Hello, lovely readers! It’s Jacie from Moss Love here – I create ready-made, DIY and wearable terrariums using live moss, air plants and marimo moss balls. I’m excited to help you make your own beautiful moss terrarium!
One of the best things about these is they don’t need direct sunlight like your typical house plant – so places that normally don’t see any greenery are in luck! Your desk at the office and that corner of your kitchen that doesn’t get sun are in for a makeover. Another bonus: they are super easy to take care of.
How to Make a DIY Moss Terrarium
You will need:
- a clear glass jar with a lid
- rinsed and dried gravel or rocks (larger rocks can be used in larger jars)
- dried sphagnum peat moss
- peat moss soil
- live moss (purchased or collected yourself)
- polished rocks, colored gravel or glass, etc. for surface landscaping
- a miniature habitant (the possibilities are endless…)
- First note to remember: you are going to want to leave the upper half (or more) of your jar open so your moss gets enough air. You may be tempted to add a lot of rocks (they are a fun layer to see through the glass), but halt! Unless you are working with a tall or large jar, you only need enough rocks for small drops of water to drain into (check my terrariums out for example photos). Gently add them to your jar.
- Add sheet moss for filtration – push to flatten. This keeps the soil in place – use just enough so there are no holes for soil to fall through.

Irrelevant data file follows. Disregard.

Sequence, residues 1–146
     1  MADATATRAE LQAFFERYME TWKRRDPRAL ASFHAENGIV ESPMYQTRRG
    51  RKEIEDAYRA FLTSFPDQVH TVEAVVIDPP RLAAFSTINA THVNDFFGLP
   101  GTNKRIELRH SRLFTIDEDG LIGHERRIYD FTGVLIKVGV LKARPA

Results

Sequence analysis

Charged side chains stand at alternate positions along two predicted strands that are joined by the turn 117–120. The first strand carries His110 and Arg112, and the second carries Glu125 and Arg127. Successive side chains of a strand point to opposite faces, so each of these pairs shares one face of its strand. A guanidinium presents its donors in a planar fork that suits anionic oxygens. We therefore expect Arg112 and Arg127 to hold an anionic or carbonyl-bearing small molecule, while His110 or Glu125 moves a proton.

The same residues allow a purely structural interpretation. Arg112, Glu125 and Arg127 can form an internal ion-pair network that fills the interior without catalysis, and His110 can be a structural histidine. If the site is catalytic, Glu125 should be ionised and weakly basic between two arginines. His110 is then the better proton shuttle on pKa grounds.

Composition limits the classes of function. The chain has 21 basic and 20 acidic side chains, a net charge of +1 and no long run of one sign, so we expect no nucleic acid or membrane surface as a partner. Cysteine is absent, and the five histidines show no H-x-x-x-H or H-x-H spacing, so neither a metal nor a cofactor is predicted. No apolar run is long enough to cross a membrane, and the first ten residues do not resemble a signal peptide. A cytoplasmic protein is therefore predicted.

- Add soil. Build it up on one side if you’d like a hill!
- Add your moss – break it into smaller pieces if you’d like to play with mixes of height and texture. Push it lightly onto the soil.
- Fill empty spots with polished stones, colored gravel or glass (I like to use blue for “water”), etc.
- Add your habitant and watch your little world come to life!
First time only: mist with water until soil starts to dampen (be sure to stop there – you don’t want too much water). Let the water evaporate off the sides of the jar, then add your lid.
After that: Mist lightly every 3 weeks (if dry). Avoid direct sun. Bright indoor light or indirect sun is best. If excess drops build up on glass, remove the lid to evaporate, then replace. It is important that sitting water isn’t left in the terrarium as this can lead to mold. When in doubt, dry it out (hey – that rhymes!).
ALL TOGETHER NOW
I also offer DIY Kits with all the fixings as well as individual habitants if you want the materials easily in one go. Make one for a friend, or give them a kit to create one themselves!